2016 review

Ver la versión en español aquí

We all love factoids-right? So if you are heading out to a New Year’s Eve Party this weekend and need a few icebreakers to get the conversation going, the U.S. Equal Employment Opportunity Commission (“EEOC”) has come to the rescue.

The EEOC recently provided a brief review of its fiscal year which ended September 30. Feel free to use any of the highlighted stats below:

  • 91,503 charges were received by the EEOC this fiscal year and 97, 443 were resolved;
  • pending EEOC charges were reduced by 3.8 percent to 73,508, which is the lowest pending charge workload in the last three years;
  • 15,800 charges were settled by the EEOC pre-litigation;
  • The EEOC filed 86 lawsuits alleging discrimination (58 involved individual suits and 29 involved multiple victims or discriminatory policies)––the number of suits filed is lower than in prior years;
  • The EEOC ended the year with 165 cases that it was still actively prosecuting (of which 47 (28.5 percent) involve challenges to systemic discrimination and an additional 32 (19.4 percent) are multiple-victim cases)––the number of suits pending is also lower than in prior years;
  • The EEOC secured more than $482 million for victims of discrimination in private, state and local government, and federal workplaces (It took the EEOC’s annual budget of over $364 million to do this.);
  • $82 million dollars that was secured went to federal employees and applicants who claimed discrimination by the U.S. Government; and
  • The EEOC launched four digital services, including the EEOC’s Respondent Portal, which allows employers to receive digital notices of charges and to submit online responses. Additionally, members of the public can now make online requests for information under the Freedom of Information Act (“FOIA”).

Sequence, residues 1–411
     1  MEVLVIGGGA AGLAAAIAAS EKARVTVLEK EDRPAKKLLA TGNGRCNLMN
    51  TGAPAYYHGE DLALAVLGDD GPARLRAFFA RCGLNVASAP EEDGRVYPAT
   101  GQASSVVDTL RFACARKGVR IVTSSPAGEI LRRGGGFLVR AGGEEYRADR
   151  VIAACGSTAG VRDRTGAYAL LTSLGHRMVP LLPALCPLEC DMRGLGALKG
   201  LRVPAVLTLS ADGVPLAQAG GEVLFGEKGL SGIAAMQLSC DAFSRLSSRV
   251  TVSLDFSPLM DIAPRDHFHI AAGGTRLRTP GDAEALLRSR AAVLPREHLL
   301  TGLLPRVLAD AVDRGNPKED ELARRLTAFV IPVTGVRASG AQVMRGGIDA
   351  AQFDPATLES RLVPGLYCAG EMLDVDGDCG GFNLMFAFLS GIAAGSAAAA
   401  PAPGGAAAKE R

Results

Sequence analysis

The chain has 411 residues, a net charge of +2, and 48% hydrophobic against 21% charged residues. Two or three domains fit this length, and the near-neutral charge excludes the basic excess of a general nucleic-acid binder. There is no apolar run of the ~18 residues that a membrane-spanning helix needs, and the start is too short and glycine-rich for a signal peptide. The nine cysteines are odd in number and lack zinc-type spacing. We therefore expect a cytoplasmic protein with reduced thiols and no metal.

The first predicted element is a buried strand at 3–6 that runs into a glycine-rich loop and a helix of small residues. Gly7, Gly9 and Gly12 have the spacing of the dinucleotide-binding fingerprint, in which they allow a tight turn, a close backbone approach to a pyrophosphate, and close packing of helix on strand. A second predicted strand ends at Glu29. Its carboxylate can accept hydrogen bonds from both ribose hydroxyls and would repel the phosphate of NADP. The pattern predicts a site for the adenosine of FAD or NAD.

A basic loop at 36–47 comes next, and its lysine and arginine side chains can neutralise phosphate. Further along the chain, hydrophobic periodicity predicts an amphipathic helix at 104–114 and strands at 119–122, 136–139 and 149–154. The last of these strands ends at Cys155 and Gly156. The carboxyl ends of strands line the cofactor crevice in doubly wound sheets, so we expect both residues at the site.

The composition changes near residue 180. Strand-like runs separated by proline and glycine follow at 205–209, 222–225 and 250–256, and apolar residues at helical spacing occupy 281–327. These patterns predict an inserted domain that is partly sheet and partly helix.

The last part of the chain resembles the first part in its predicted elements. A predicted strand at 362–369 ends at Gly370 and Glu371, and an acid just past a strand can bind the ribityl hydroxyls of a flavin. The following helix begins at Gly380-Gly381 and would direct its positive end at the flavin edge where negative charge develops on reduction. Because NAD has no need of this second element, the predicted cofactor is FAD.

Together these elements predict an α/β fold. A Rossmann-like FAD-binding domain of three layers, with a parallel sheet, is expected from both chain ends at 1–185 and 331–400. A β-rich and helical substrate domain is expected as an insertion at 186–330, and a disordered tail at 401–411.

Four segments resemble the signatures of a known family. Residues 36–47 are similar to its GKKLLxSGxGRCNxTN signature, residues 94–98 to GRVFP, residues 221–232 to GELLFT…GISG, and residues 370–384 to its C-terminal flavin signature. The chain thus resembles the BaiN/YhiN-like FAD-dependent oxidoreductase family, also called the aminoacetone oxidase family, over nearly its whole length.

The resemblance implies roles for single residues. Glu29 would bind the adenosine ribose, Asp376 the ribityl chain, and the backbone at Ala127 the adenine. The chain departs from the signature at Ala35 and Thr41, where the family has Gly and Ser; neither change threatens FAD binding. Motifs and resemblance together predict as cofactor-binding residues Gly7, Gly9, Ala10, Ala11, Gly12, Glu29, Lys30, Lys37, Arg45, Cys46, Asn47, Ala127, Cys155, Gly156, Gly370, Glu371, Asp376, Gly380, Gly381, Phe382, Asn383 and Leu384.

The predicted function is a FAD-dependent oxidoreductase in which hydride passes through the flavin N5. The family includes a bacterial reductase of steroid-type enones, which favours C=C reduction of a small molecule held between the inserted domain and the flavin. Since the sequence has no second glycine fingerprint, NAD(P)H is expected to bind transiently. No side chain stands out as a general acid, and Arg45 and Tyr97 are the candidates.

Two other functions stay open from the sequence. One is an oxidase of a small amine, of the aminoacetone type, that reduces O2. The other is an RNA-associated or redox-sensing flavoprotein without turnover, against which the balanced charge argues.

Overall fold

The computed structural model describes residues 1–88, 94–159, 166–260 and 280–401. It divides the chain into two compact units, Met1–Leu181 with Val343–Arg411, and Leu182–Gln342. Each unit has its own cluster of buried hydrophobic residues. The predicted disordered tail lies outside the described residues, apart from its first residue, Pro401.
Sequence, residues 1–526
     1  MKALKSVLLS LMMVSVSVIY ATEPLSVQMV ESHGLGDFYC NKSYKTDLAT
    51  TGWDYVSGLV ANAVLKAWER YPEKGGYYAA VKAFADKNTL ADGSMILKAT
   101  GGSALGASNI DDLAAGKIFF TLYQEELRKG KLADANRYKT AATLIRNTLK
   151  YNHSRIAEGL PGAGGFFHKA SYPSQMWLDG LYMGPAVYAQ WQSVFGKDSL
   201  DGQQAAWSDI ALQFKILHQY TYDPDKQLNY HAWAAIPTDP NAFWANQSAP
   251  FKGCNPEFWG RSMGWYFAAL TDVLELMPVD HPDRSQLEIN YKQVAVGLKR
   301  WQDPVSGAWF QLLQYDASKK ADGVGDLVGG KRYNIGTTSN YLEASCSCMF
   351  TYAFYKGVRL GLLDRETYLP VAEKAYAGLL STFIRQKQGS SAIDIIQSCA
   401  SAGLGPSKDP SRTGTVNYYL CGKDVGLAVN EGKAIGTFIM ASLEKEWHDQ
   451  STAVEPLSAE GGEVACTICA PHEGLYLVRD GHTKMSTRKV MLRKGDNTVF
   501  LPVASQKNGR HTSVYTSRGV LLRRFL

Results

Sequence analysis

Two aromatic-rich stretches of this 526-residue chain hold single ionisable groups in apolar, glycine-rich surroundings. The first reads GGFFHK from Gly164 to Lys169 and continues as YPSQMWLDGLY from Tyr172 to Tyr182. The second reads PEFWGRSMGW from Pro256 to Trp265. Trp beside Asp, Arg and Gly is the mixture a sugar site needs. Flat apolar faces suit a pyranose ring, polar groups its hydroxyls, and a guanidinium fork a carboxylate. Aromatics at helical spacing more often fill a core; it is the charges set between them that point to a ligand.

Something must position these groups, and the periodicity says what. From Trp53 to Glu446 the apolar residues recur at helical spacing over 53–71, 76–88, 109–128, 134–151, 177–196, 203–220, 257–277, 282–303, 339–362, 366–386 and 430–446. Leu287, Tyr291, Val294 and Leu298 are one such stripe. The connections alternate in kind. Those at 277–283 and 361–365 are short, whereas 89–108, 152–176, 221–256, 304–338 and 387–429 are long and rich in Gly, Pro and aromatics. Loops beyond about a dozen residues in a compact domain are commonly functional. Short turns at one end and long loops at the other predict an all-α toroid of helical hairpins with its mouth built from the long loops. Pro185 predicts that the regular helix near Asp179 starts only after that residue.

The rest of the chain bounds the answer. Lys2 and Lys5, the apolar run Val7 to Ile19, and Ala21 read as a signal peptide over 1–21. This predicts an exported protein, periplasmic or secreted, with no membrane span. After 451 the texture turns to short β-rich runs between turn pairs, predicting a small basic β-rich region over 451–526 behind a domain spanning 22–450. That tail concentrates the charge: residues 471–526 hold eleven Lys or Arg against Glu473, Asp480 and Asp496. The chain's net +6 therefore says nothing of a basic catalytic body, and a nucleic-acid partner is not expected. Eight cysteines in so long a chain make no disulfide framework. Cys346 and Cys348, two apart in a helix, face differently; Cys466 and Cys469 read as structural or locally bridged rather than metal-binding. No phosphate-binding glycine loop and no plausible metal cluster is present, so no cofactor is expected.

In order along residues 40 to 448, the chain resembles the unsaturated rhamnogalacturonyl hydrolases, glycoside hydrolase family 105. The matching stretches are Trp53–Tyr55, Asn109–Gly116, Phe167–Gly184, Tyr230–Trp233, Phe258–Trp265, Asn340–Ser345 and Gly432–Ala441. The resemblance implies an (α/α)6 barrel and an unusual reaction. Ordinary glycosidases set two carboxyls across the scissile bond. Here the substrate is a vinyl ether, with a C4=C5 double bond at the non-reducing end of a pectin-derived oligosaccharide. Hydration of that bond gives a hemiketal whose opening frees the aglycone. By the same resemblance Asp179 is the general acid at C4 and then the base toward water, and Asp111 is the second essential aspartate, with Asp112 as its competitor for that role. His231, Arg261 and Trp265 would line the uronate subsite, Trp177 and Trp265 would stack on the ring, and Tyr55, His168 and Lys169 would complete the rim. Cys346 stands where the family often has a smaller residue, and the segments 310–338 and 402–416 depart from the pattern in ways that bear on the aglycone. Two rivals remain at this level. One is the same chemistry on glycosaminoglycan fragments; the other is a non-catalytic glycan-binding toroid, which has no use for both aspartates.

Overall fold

Tossing out these statistics should make you the talk of the party this year!

If you are a true EEOC geek and would like more information about what the EEOC is up to, check out the EEOC’s Fiscal Year 2017 Congressional Budget Justification. The charts are impressive and chock full of information.

The EEOC has also updated and approved its “Strategic Enforcement Plan” for Fiscal Years 2017-2021, which blueprints the agency’s work for the next five years.

This review was provided in addition to the EEOC’s “Performance and Accountability Report” (the “Report”) released a few weeks ago. The Report serves as a type of report card for the EEOC to assess whether it has met the performance goals outlined in the 2012 Strategic Enforcement Plan. It is clear from the review and the Report that the EEOC plans to continue to pursue “systemic” cases, including “pattern” cases where the alleged discrimination “has a broad impact on an industry, occupation, business, or geographic area.”